Reverse osmosis has existed since 1959 as a means of water purification, but the smart odds are that you’ve never heard of it. If you have heard of it, you might have been put off by such a sciencey sounding term. Don’t worry about any of that, though, because today, we’re going to dive into this fascinating method of water purification. So let’s dive into the very basic basics of reverse osmosis.
Part 1) The System
Reverse osmosis (often abbreviated as RO) is incredibly intricate and precise, but there is a simple way to explain it. It can be roughly explained with one example: a colander. You’ve probably used a colander in the last month or two, so you know how to use a colander to strain liquid from food. Reverse osmosis has the same function, except instead of removing water from items, it removes items from water.
Of course, RO doesn’t literally use a colander; it uses a semi-permeable membrane with very tiny pores through which water is pressurized through. The theory though, is roughly the same. Sounds simple, right? If you want pure water, just run it through something that won’t allow anything but the water pass through. However, that’s not the end of the story. This is where we get into the mind-blowing details of the process.
Part 2) The Science
Reverse osmosis is the most effective method of water purification on the market because it is the most precise. It filters water down to the molecular level. So when water is pressured through the semi-permeable RO membrane, it leaves everything behind, and when I say everything, I mean, everything.
The size of a pore in the reverse osmosis membrane is 0.0001 (1/10,000) microns. Now that number already seems small, but however small you perceive that to be, it’s definitely smaller. Here’s some other measurements to prove my point. One inch is 25,400 microns. The width of a human hair has a range from about 40 to 300 microns. Bacteria range from 0.2 to 1 microns. Pesticide and herbicide molecules are 0.001 microns wide.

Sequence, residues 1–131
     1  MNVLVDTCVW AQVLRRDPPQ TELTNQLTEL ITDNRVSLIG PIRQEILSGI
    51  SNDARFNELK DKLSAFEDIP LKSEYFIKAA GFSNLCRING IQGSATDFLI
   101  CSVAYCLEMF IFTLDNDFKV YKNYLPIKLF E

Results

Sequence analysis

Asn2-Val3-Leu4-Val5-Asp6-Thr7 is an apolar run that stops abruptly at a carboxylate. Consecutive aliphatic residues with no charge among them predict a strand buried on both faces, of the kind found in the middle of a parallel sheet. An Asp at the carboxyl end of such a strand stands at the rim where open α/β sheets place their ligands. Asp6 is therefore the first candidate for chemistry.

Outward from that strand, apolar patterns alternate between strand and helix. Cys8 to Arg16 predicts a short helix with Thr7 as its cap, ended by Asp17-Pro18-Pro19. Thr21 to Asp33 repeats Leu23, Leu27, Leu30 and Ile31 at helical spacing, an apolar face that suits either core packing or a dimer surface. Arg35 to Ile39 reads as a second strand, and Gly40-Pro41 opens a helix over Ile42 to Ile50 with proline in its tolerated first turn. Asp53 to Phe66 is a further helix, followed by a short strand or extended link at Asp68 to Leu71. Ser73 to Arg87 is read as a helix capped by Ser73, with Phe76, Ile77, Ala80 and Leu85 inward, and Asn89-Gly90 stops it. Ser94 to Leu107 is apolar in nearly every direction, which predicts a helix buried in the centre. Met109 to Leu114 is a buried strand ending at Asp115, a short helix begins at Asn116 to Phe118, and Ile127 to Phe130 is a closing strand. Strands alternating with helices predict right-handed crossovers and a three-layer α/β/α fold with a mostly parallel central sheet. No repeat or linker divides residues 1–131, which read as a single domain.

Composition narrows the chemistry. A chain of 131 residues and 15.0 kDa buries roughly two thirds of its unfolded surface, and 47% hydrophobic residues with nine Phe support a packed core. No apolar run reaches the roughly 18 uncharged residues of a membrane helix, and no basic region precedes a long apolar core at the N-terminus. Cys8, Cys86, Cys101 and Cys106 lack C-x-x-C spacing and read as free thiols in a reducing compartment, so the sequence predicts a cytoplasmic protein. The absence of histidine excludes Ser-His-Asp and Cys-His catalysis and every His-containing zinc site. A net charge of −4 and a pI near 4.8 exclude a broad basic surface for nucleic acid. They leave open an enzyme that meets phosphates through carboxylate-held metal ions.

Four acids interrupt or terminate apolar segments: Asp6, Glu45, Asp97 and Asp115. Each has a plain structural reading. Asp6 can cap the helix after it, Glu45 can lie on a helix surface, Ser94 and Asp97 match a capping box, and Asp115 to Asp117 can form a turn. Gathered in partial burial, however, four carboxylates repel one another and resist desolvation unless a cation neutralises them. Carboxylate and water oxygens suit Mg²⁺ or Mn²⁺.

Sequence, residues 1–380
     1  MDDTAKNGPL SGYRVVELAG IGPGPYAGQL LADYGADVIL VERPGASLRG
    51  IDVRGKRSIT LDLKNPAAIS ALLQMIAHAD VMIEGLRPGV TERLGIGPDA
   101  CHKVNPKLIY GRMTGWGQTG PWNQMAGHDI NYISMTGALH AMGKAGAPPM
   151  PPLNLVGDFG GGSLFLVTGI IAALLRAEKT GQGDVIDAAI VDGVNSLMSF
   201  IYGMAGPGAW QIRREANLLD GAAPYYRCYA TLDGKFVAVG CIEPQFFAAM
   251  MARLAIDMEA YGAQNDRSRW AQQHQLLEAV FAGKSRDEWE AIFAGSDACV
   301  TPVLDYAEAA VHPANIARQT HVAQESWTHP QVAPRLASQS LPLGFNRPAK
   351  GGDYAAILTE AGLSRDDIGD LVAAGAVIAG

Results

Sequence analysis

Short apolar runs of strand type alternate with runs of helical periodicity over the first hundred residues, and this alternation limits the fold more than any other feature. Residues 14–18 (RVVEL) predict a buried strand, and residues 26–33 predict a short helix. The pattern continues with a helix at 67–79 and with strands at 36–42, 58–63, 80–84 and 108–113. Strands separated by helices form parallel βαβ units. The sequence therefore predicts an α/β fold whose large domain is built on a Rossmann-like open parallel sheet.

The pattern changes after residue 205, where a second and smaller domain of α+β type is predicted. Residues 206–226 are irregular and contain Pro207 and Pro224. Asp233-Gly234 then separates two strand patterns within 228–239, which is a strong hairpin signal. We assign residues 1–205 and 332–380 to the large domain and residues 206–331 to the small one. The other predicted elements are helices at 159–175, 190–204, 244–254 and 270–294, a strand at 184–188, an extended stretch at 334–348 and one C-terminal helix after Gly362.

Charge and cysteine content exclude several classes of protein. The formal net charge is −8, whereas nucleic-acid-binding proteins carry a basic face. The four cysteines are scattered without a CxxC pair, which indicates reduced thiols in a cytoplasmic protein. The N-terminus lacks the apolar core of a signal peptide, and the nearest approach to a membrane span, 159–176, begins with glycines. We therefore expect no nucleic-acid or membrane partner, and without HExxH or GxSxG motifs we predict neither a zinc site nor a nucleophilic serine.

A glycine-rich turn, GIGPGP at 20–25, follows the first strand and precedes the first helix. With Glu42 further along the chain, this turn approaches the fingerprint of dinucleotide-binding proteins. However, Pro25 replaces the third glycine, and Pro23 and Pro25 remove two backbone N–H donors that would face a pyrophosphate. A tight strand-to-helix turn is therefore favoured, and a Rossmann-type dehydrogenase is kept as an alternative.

Too put all of this in less sciencey terms, the pores in a RO membrane are not just smaller than the width of pesticide molecules; they are ten times smaller. That’s why reverse osmosis is so effective. It takes a simple and direct approach, but then takes it above and beyond.
Part 3) The Usage
Now you might be thinking, “That’s great and all, but what can I actually use RO purified water for?” Well, with the level of purity that RO water has achieved, it should be reserved for consumption only, whether by cooking or drinking.
It’s tempting to take the highest grade of purified water and use it in all facets and faucets of your life. However, there is an important explanation to this question. With the exceptional purity of RO water, it’s actually more prone to absorb any other kinds of impurity. The water is essentially so devoid of materials, that it tends to latch onto anything it can. Running it through all of your house’s pipes would negate the point of the water’s purity because it would absorb anything within the pipes, including metal from the pipes themselves. For that reason, it’s meant to be enjoyed exclusively in the kitchen or a glass.
With that said, congratulations! You now know the very basic basics of reverse osmosis! If you’d like to move on to some more technical details, check out this PDF from the Water Quality Association. If you’d like to get an estimate on a reverse osmosis system of your own, click here to contact us.